To know Malaysia is to love Malaysia. The country is a bubbling, bustling melting-pot of peoples and religions where Malays, Indians, Chinese and many other ethnic groups live together in peace and harmony.

Multiculturalism has made the country a gastronomical paradise and home to hundreds of colourful festivals. It’s no wonder that locals love celebrating and socialising. As a people, Malaysians are very relaxed, warm and friendly.

Geographically, Malaysia is almost as diverse as its culture. Eleven states and two federal territories (Kuala Lumpur and Putrajaya) form Peninsular Malaysia which is separated by the South China Sea from East Malaysia, which includes two states (Sabah and Sarawak on the island of Borneo) and a third federal territory, the island of Labuan.

One of Malaysia’s key attractions is its extreme contrasts: towering skyscrapers look down on wooden houses built on stilts. Five-star hotels sit just metres away from ancient reefs. Rugged mountains reach dramatically for the sky while their rainforest-clad slopes sweep down to floodplains teeming with forest life. Cool highland hideaways roll down to warm, sandy beaches and rich, humid mangroves. For the perfect holiday full of surprises, the time is now, the place is Malaysia.

To find out more about Malaysia, visit the Malaysian government’s official portal,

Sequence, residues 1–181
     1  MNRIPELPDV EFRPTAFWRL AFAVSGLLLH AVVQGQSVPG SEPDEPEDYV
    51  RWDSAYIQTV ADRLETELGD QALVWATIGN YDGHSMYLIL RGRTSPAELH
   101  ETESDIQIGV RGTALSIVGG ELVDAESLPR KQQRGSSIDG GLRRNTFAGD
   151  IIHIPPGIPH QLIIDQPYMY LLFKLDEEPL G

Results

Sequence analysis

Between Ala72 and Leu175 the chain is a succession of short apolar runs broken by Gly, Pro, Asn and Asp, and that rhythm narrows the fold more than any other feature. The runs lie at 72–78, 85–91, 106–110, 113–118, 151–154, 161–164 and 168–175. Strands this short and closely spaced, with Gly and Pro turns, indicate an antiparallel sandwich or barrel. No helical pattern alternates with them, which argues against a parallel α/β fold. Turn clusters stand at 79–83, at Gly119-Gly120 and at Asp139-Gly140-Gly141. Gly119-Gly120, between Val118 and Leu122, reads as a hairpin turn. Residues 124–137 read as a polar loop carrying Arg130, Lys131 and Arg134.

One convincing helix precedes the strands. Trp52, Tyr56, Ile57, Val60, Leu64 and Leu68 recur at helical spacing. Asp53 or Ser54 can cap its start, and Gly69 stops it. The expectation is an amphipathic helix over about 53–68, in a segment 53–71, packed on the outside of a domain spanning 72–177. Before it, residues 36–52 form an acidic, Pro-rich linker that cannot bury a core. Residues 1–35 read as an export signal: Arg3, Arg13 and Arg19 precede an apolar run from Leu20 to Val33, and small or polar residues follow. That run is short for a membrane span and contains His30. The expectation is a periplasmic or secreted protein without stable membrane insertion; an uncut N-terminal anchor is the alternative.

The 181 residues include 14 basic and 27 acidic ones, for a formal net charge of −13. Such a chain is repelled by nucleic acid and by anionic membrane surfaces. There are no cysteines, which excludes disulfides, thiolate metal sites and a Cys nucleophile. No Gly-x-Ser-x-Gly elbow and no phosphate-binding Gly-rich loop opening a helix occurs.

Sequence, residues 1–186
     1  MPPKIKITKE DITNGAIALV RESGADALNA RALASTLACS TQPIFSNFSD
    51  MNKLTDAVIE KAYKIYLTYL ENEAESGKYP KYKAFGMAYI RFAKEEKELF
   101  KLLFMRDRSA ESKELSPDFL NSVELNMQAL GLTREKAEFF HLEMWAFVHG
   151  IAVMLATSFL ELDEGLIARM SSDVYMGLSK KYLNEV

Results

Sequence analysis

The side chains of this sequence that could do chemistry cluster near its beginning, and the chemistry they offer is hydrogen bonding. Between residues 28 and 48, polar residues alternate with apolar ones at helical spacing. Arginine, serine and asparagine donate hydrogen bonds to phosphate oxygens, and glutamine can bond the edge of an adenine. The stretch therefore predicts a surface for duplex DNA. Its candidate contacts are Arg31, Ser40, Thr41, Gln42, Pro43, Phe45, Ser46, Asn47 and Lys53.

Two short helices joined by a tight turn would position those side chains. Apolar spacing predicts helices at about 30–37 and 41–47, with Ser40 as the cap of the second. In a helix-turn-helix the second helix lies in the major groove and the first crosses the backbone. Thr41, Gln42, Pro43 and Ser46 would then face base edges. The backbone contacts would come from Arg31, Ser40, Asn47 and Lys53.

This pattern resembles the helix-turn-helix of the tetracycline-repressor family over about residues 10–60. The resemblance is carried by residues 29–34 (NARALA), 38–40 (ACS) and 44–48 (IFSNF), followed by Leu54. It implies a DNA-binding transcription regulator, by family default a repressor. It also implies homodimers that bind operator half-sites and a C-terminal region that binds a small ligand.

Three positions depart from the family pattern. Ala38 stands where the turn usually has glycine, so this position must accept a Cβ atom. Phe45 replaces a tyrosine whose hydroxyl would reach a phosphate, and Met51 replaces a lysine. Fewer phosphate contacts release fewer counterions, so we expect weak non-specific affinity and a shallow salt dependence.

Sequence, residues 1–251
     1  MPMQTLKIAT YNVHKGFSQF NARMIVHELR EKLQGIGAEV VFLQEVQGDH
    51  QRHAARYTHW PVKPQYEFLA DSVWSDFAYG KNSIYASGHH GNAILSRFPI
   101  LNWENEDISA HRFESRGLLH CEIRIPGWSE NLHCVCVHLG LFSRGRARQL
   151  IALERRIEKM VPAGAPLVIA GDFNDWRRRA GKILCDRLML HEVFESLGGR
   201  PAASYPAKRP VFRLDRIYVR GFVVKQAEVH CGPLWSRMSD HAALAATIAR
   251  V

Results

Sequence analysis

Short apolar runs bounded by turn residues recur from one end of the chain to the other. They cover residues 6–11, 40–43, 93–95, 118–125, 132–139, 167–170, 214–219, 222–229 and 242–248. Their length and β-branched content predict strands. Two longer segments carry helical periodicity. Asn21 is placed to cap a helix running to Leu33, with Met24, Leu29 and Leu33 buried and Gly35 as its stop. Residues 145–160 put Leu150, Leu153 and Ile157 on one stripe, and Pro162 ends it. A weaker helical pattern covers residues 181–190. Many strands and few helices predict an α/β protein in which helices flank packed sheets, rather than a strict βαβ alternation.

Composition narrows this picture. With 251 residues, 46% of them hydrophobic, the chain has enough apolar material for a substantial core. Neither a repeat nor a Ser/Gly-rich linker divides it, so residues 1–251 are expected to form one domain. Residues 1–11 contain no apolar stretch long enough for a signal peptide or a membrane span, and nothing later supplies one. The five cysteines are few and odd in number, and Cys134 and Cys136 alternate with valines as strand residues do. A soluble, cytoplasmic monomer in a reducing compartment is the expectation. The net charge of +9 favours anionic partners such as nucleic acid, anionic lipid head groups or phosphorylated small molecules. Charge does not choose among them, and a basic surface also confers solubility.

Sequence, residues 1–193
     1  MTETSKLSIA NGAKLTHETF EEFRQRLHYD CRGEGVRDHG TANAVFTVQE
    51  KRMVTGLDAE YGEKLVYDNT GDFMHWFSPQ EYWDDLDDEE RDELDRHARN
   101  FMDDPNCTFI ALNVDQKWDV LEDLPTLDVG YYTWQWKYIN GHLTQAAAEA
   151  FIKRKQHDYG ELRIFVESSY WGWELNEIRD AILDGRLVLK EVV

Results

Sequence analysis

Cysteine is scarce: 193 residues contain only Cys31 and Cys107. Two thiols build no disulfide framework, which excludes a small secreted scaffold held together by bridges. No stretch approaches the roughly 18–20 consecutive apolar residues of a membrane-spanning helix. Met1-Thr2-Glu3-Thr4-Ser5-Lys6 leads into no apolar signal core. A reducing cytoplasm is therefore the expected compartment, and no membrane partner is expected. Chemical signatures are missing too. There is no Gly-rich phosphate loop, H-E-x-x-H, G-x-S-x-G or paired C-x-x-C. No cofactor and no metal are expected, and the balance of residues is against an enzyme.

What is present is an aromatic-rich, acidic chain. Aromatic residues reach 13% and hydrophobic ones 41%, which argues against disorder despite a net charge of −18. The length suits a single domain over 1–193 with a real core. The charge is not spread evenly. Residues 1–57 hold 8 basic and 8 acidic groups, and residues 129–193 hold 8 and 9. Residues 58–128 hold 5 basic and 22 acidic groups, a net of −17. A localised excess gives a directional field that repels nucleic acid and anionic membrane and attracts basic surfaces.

Malaysia at a Glance

Malaysia is a culturally-rich country with much to offer visitors. The following recommendations will help you interact with locals in a way that allows you to get the most out of your experience of visiting Kuala Lumpur for the WFH 2020 World Congress.

Note: the information below is an overview of the different cultural considerations when visiting Malaysia. The WFH strongly encourages visitors to do their own research to ensure that they fully understand what is culturally expected of visitors in the country and are aware of any current events which may impact how visitors should behave. Researching and preparing for your trip in advance will help your travel to Malaysia go smoothly.

Be respectful when photographing
Always ask permission before photographing locals. Although it might seem innocuous to you as the tourist, that photo could create an uncomfortable or embarrassing situation for the local person being photographed.

Public Displays of Affection (PDA)
PDA is not common in Malaysia regardless of sexual orientation. They should be avoided.

LGBTIQ considerations
The WFH does not and shall not discriminate on the basis of race, colour, religion (creed), gender, gender expression, age, national origin (ancestry), disability, marital status, sexual orientation, or military status in any of its activities or operations. However, social attitudes and laws towards the lesbian, gay, bisexual, transgender, intersex and queer (LGBTIQ) community differ around the world.

Any member of the LGBTIQ community needing support can contact the WFH at . As with all international travel, if you have a problem arising during your stay, you should also contact your home country embassy.

Penalties for possession, use or trafficking of illegal drugs (even in small amounts) are severe and can result in punishment in the forms of fines, whipping and imprisonment. Those found to be trafficking drugs face the death penalty.